UPDATE: 4:20pm -- WXYZ reports that Andy Dillon, head of the State Treasurer's Office, will begin a review of the city's financial book beginning next week. That review is expected to take at least a month to complete.
Yesterday, HuffPost Detroit reported that Detroit City Council scheduled a vote on a budget amendment needed to repay almost $30 million to the city's pension plan -- money that had never been paid last year, due to an apparent accounting error. According to Dillon, "that mistake is one thing that changed the financial position of the city, and led to the state review," reported WXYZ.
Mayor Dave Bing released a statement regarding the possibility of an emergency financial manager appointment this month.
"My Administration has had discussions with the State regarding an Emergency Financial Manager previously. Until the State makes a final determination, I will continue to implement my Restructuring Plan on behalf of the citizens of Detroit."
The state of Michigan's treasurer says that the appointment of an emergency financial manager to the city of Detroit is inevitable, according to a story in the Detroit Free Press.
Michigan Treasurer Andy Dillon, who chairs the state-appointed financial review team that declared Detroit in a state of financial emergency last March, reportedly met with several elected officials in Detroit on Wednesday. Several sources told the Free Press that the treasurer is considering who to name to the position of emergency financial manager (EFM) and how the political powers of Detroit Mayor Dave Bing and City Council will be affected.
The city is projected to face a budget shortfall of nearly $47 million in obligations to creditors and employees by June 30. The Free Press said the state of Michigan would cooperate by helping the city pay its debts and make payday while an EFM made significant financial decisions.
In November, Michigan voters struck down PA 4, which allowed Gov. Rick Snyder to appoint emergency managers with broad powers over city governance, including the ability to fire elected officials and dissolve union contracts. But the governor can still appoint an emergency financial manager to assume control over Detroit's budget under an earlier law, Public Act 72.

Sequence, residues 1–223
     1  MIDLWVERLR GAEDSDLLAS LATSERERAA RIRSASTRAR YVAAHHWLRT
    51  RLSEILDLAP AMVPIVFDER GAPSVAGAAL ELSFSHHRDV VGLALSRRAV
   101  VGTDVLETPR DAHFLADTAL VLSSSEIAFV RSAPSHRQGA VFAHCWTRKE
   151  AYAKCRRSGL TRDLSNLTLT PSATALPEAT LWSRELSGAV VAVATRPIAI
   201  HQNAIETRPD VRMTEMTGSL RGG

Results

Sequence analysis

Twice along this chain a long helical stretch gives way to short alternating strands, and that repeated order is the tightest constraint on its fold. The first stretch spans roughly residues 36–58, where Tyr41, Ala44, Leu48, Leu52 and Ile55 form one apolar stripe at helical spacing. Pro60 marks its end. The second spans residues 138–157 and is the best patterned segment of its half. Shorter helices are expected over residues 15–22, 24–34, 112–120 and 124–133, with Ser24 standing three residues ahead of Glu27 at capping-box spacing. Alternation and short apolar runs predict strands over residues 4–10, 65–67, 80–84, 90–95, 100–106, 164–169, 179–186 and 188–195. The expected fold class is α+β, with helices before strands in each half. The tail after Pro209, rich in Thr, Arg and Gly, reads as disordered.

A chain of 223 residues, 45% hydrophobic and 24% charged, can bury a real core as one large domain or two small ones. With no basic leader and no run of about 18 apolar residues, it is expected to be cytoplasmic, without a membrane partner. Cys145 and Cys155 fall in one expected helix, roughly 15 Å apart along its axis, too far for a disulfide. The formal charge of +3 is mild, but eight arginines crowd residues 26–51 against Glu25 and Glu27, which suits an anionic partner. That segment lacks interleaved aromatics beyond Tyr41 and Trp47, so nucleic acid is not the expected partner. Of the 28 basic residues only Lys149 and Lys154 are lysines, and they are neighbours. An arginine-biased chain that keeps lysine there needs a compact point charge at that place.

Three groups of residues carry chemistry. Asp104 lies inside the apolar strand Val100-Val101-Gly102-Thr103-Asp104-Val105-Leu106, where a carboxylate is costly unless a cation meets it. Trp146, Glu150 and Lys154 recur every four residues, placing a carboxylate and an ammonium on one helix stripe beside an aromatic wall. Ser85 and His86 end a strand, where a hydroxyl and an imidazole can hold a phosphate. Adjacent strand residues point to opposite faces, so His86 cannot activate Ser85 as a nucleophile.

According to the newspaper's sources, there's only one option for city leaders before an EFM assumes control: approving a list of reforms that Mayor Bing's administration will apparently negotiate with Detroit City Council before its next scheduled meeting on Dec. 11.
But City Council and Mayor Bing have butted heads numerous times in recent months, with the 12-member elected body rejecting the state's offer to lease and manage the city's Belle Isle island park. And the council rejected a $300,000 contract with law firm Miller Canfield, which was a required proponent of the city's milestone agreement with the state of Michigan.
Detroit has, until this point, avoided the appointment of an emergency financial manager by entering into a consent agreement with the state of Michigan. Detroit's corporation counsel, Krystal Crittendon, filed a lawsuit in June in which she argued that the consent agreement was invalid, causing Bing to attempt to remove her from her position.
"The officials said Dillon told them he believed Detroit was out of time and that inaction and disputes between Bing and the council left him no choice but to prepare for even deeper state intervention," the Free Press report added.
Snyder and state legislators are discussing several different versions of a new emergency manager law that he says would be less intrusive than the proposal voted down by Michigan residents, according to Michigan Radio. The new legislation could be introduced in the next week.
Treasurer Andy Dillon and Gov. Rick Snyder did not immediately respond to The Huffington Post's request for comment.